First-Year Seminar


First-Year Seminar Logo

First-year Seminars play a central role in the lives of incoming students at Stockton. First-Year Seminars are courses drawn from across the General Studies curriculum, so that each class has a different content area and academic focus. This is one of the things that makes our program unique, so that students can take courses on a range of topics including sustainability issues, mythology, diversity, the history of Paris, American stories, health care, the political economy, or detectives in literature. Whatever the focus, the seminars are carefully designed for new students, who will work on the essential skills of critical thinking, college-level reading practices, information literacy, and communication skills cultivated through writing, speaking, and listening.  

First-year Seminars also include a common reading that is taught in all of the program’s various classes, which bring their own particular intellectual perspectives to the book. This book represents a student’s first shared intellectual experience with the incoming class, and engaging with the common reader is a cherished tradition at Stockton. The university provides the book for each new student and faculty plan opportunities to think about the text both inside and outside of the classroom. A Convocation Lecture presented to the entire first-year class culminates the student’s sustained engagement with the text, and is usually given by the author of the featured book. 

Incoming students must sign up for a First-Year Seminar during their first semester, and cannot take more than one of these classes as part of their course of study. The credits earned count toward a student’s graduation requirements for every major and program, and all of the seminars are designed to help students practice the skills needed to be a better college student and achieve their life-long learning goals. First-year Seminars are an essential part of the First Year Experience (FYE) at Stockton, and the coordinators of both programs work closely to ensure that our new students have a welcoming and challenging first year. 


The Common Reading


Book Cover for Sweat by Lynn Nottage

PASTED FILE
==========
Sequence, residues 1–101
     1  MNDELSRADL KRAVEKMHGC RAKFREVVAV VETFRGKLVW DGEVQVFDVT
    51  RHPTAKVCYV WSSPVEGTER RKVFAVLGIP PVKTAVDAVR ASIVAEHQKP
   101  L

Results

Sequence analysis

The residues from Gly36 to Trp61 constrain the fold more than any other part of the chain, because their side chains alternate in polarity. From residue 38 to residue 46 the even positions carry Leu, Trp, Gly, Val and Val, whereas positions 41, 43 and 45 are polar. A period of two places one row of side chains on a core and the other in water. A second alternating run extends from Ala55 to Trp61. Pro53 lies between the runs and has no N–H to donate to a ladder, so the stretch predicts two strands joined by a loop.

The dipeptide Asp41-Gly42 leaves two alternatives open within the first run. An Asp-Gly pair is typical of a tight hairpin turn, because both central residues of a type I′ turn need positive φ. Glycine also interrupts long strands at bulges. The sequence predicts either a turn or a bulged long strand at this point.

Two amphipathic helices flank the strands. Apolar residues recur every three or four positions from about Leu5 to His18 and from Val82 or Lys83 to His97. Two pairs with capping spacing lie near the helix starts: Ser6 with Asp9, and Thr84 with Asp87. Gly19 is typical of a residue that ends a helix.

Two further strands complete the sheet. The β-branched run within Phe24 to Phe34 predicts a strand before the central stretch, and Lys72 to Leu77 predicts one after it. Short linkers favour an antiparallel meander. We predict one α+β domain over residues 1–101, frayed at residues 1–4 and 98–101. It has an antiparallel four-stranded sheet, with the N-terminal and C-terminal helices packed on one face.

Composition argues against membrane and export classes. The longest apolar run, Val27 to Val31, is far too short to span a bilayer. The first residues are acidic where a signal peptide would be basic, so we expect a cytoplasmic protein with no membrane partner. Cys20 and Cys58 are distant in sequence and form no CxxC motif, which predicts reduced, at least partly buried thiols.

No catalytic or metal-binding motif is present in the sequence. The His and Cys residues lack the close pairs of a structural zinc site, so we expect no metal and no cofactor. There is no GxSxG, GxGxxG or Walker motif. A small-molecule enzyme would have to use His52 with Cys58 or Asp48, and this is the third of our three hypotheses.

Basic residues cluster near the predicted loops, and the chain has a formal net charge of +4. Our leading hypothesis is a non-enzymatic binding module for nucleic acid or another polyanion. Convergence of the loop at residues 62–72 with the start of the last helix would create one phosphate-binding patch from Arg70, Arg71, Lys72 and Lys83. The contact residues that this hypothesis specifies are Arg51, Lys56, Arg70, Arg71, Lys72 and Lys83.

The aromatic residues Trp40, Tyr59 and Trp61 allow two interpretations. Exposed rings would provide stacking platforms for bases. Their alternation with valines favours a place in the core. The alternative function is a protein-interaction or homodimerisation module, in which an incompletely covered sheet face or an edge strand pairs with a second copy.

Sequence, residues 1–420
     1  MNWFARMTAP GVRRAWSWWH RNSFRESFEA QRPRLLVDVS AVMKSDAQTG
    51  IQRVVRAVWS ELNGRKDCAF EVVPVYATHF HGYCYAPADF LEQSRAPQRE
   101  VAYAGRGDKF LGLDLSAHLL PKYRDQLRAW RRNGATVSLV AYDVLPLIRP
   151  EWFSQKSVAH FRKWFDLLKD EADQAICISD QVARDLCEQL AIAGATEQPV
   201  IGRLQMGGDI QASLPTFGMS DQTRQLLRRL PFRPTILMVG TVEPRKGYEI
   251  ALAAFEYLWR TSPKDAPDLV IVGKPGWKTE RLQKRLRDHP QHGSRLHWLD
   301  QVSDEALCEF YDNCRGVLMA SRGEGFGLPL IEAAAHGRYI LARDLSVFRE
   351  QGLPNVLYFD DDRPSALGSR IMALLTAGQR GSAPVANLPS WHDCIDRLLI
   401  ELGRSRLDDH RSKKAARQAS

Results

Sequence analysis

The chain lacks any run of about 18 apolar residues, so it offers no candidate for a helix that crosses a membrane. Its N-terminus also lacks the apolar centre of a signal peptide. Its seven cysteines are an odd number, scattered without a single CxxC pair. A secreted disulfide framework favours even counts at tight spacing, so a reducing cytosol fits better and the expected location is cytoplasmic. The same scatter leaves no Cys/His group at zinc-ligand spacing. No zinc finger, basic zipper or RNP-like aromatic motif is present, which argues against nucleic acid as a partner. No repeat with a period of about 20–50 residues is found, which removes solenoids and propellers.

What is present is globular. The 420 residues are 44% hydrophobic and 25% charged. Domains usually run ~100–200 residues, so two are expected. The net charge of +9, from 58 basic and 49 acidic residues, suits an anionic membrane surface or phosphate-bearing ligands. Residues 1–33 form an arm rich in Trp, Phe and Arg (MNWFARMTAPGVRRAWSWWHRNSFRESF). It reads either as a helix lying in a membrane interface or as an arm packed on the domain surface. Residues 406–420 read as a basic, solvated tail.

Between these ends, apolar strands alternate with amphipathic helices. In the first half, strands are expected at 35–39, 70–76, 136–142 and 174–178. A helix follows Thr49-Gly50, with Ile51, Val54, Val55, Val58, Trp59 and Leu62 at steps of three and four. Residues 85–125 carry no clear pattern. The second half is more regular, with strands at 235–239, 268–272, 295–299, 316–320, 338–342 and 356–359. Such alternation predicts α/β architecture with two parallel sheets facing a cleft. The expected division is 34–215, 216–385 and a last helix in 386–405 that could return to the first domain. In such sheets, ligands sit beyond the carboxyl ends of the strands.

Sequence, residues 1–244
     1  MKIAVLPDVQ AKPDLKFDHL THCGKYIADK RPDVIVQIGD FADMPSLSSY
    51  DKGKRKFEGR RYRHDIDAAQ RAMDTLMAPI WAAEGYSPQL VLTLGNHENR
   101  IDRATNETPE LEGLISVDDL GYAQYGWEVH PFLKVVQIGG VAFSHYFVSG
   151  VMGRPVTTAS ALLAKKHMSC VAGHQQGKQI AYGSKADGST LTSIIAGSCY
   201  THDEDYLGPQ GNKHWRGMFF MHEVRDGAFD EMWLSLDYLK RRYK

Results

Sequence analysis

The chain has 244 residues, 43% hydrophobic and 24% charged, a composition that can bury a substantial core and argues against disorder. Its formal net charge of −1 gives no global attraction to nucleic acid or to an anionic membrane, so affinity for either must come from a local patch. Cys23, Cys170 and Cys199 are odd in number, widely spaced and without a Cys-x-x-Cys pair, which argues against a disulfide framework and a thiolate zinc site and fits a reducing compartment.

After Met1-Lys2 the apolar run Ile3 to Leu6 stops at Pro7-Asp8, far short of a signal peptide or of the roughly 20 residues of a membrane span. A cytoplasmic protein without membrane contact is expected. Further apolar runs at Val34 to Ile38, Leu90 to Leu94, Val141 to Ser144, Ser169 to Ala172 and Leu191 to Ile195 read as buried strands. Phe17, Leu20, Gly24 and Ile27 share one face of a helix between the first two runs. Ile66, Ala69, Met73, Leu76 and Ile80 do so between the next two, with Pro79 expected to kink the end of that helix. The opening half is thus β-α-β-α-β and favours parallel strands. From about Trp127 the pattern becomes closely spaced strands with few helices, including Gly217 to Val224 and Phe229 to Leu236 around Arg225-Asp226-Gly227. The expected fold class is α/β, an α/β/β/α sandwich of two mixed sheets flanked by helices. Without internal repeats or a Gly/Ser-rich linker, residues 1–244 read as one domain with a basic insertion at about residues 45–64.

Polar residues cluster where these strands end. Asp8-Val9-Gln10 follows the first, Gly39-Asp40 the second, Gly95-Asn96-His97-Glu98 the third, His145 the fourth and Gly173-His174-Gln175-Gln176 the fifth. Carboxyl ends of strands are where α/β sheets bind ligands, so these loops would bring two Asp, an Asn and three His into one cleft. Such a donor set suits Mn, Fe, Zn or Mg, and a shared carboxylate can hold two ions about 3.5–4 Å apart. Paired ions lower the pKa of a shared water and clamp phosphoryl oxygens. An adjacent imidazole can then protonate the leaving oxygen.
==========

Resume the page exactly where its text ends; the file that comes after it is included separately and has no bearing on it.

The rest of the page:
Douglas Rushkoff is professor of media theory and digital economics at Queens/CUNY. Named one of the world’s ten most influential intellectuals by MIT, he hosts the Team Human podcast and has written many award-winning books. He lives in Hastings-on-Hudson, New York. 

First-Year Seminar Program Convenor:

Geoffrey Gust, Ph.D. 


by Douglas Rushkoff

Team Human is a fiery distillation of preeminent digital theorist Douglas Rushkoff’s most urgent thoughts on civilization, technology, and human nature. In one hundred concise statements, he argues that we are essentially social creatures who achieve our greatest aspirations when we work together not as individuals. Yet today, an antihuman ethos has overtaken our society, undermining our ability to connect. Technologies that were meant to foster cooperation from currency to computers too often are used to exploit and divide us. If we are to adapt and survive these destructive forces, we must recognize that being human is a team sport. Rushkoff inspires us to find the others who understand this fundamental truth and reassert our humanity together.




Handbook for Faculty


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Fall 2023 Convocation Lecture

Join Douglas Rushkoff as he gives the Convocation Lecture for First-Year Students

Thursday, October 26, 2023
Stockton Performing Arts Center

Reception to follow in the L Wing Art Gallery

Learn more about Douglas Rushkoff and his work on Team Human by visiting his website.

To access resources for faculty and students about the 2023-2024 First-Year Common Reader, visit the Common Reading Guide on the Bjork Library website.